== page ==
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Additional Topics: Acute Back Pain

Back pain is one of the most prevalent causes of disability and missed days at work worldwide. Back pain attributes to the second most common reason for doctor office visits, outnumbered only by upper-respiratory infections. Approximately 80 percent of the population will experience back pain at least once throughout their life. The spine is a complex structure made up of bones, joints, ligaments, and muscles, among other soft tissues. Because of this, injuries and/or aggravated conditions, such as herniated discs, can eventually lead to symptoms of back pain. Sports injuries or automobile accident injuries are often the most frequent cause of back pain, however, sometimes the simplest of movements can have painful results. Fortunately, alternative treatment options, such as chiropractic care, can help ease back pain through the use of spinal adjustments and manual manipulations, ultimately improving pain relief.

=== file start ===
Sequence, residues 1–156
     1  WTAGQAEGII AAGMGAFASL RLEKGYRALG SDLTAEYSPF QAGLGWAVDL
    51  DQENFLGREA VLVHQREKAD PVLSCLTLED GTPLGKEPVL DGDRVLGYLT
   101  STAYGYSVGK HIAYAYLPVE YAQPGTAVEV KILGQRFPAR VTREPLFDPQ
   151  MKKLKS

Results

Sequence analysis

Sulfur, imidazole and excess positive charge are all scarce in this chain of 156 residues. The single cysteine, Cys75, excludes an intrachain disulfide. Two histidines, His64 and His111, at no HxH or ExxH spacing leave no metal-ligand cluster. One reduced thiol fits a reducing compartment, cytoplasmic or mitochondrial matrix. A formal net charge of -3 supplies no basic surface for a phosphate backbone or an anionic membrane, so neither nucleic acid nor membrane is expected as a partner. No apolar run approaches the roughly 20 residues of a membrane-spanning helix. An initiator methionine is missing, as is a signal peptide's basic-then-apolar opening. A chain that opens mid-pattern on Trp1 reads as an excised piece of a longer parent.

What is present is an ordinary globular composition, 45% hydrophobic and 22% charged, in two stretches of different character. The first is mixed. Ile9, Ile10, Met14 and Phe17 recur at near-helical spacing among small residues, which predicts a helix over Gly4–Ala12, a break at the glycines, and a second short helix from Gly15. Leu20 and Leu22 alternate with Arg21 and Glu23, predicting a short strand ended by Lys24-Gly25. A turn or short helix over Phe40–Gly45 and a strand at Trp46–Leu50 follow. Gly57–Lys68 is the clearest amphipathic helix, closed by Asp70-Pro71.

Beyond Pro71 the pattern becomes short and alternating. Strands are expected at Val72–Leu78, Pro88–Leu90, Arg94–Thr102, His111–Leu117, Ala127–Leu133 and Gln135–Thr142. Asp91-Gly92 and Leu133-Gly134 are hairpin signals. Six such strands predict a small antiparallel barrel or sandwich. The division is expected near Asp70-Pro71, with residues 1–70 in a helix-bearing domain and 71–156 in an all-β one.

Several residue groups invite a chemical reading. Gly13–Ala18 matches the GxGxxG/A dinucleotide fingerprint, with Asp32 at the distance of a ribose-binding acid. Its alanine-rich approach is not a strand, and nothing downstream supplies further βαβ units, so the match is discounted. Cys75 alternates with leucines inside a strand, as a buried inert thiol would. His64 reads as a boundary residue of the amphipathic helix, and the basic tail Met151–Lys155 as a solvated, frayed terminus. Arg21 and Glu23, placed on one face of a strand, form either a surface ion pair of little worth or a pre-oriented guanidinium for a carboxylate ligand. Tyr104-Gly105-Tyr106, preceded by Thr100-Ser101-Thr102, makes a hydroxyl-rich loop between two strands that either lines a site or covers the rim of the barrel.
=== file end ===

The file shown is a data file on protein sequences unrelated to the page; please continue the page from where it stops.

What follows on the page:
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The information herein is not intended to replace a one-on-one relationship with a qualified health care professional, licensed physician, and is not medical advice. We encourage you to make your own health care decisions based on your research and partnership with a qualified health care professional. Our information scope is limited to chiropractic, musculoskeletal, physical medicines, wellness, sensitive health issues, functional medicine articles, topics, and discussions. We provide and present clinical collaboration with specialists from a wide array of disciplines. Each specialist is governed by their professional scope of practice and their jurisdiction of licensure. We use functional health & wellness protocols to treat and support care for the injuries or disorders of the musculoskeletal system. Our videos, posts, topics, subjects, and insights cover clinical matters, issues, and topics that relate to and support, directly or indirectly, our clinical scope of practice.* Our office has made a reasonable attempt to provide supportive citations and has identified the relevant research study or studies supporting our posts. We provide copies of supporting research studies available to regulatory boards and the public upon request. We understand that we cover matters that require an additional explanation of how it may assist in a particular care plan or treatment protocol; therefore, to further discuss the subject matter above, please feel free to contact us. Dr. Alex Jimenez DC, MSACP, CCST, IFMCP*, CIFM*, ATN* email: phone: 915-850-0900 Licensed in: Texas & New Mexico*